Yesterday the Government launched its Energy Efficiency Strategy, and we were particularly interested to see if any mention was given to the role of SAP, the Government’s energy performance assessment tool.
Hockerton Housing Project takes pride in its low-tech, low-cost approach, and the homes consume 15-25% of the energy used by homes built today. But the Government’s energy efficiency measurement assessment tools (SAP and RdSAP) cannot compute the benefit of homes like ours:
- SAP cannot cater for our use of passive solar gain as our main heating system
- Use of thermal mass to reduce heat demand through the year is not recognised (the thermal mass in our homes essentially stores the summer heat and keeps our homes warm in winter)
- SAP assumes that an element of mass thicker than 100mm has no additional thermal capacity is flawed (SAP2009 Table 1e: Heat capacities for some common constructions), contrary to evidence at HHP. As long as the mass is well insulated (externally) the full thickness of the mass will be effective as a heat sink.
- RdSAP does not differentiate between internal and external solid wall insulation, so the benefits of external insulation to “lock in” the mass of the walls, which can then aid summer cooling and winter heating, are not recognised for existing dwellings.
- SAP assumes that thermally separate conservatories are not present, ignoring two benefits:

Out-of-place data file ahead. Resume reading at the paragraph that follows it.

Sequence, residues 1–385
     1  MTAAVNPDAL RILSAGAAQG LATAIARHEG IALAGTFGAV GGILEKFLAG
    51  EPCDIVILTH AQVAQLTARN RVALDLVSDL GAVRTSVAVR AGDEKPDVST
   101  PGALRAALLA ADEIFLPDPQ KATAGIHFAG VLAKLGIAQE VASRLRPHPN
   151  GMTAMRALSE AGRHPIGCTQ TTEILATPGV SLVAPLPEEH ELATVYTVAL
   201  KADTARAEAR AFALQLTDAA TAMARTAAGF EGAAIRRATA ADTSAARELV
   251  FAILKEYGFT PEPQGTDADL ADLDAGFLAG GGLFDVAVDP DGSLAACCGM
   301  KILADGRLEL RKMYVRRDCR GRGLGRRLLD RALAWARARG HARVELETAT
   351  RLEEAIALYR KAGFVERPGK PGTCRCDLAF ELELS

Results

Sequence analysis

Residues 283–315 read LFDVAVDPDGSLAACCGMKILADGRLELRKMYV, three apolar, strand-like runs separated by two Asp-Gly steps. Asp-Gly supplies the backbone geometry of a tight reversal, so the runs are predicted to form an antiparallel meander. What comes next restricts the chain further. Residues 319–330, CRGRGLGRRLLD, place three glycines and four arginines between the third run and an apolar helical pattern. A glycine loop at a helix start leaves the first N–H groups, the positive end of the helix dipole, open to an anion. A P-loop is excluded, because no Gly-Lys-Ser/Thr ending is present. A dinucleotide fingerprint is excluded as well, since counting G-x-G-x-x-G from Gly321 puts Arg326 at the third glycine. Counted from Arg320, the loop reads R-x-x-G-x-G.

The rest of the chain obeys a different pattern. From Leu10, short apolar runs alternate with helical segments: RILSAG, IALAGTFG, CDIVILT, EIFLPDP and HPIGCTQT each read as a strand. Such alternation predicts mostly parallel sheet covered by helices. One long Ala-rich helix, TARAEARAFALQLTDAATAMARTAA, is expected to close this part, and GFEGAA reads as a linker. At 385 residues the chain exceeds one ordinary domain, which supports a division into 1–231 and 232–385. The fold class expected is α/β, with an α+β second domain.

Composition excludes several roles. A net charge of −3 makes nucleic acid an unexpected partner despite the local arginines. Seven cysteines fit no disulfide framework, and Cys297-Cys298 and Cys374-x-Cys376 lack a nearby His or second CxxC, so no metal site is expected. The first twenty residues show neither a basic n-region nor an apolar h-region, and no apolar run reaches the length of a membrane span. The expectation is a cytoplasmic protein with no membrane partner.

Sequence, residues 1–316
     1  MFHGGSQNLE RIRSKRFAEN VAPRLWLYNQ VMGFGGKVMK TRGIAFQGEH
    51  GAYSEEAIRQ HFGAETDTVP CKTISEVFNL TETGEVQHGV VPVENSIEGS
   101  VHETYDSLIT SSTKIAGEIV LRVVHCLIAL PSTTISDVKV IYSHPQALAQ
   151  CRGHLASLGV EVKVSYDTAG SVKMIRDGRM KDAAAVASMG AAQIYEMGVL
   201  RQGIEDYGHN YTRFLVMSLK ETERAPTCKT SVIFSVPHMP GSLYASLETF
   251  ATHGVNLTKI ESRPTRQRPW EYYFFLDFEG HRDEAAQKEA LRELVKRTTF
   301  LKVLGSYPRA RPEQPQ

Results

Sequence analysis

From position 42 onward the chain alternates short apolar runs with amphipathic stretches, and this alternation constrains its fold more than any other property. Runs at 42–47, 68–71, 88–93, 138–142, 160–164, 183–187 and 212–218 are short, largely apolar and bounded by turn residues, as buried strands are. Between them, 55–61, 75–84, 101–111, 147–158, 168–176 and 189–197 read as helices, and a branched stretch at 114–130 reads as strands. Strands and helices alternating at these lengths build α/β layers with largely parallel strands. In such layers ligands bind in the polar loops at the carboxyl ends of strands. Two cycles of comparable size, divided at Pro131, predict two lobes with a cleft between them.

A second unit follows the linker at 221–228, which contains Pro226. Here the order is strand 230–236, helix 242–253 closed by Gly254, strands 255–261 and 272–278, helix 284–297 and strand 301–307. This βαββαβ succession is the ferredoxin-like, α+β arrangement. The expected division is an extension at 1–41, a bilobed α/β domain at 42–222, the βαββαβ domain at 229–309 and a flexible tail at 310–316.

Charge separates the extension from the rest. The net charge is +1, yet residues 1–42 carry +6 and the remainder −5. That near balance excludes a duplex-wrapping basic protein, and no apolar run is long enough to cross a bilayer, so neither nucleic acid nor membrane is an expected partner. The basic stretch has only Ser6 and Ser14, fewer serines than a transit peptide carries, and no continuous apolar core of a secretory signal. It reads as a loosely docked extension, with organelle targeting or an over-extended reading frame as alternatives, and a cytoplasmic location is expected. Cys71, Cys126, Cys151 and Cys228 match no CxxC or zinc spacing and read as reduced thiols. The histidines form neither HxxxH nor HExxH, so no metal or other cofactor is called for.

- The sunspace provides sheltering of the dwelling from the external environment, therefore reducing heat losses.
- The sunspace can be used to harvest passive solar energy which can then be brought into the main dwelling to top-up the heat stored in the thermal mass as required.
All this matters because the Government tells us in the Strategy that it intends to make more policies conditional on energy efficiency. Access to feed-in tariffs and the renewable heat incentive are already affected, and RdSAP or EPC ratings could also be used to introduce differential council tax or stamp duty. All this will mean that energy efficiency improvements will be made to meet whatever measure of energy efficiency is applied. Whilst a policy to drive up the value of energy efficiency in the property market would be very welcome, as this is potentially the simplest way to drive investment in existing homes, this must not be so broad-brush as to drive out innovative approaches and a process for ‘exceptions-handling’ must be incorporated into future policies.
Seeing is believing
On the upside, whatever documents come out of Westminster, here at Hockerton we’re enjoying ‘zero’ energy bills as our investment in additional solar PV starts to pay off and the summer heat stored in our thermal mass continues to keep our homes warm.
If you are interested in homes that are comfortable yet consume only 15-25% of the energy used by homes built today, this time of year is the best time to visit to truly feel the difference. There are some spaces left on the tour this coming Saturday 17 November so book your place on a tour of Hockerton Housing Project here.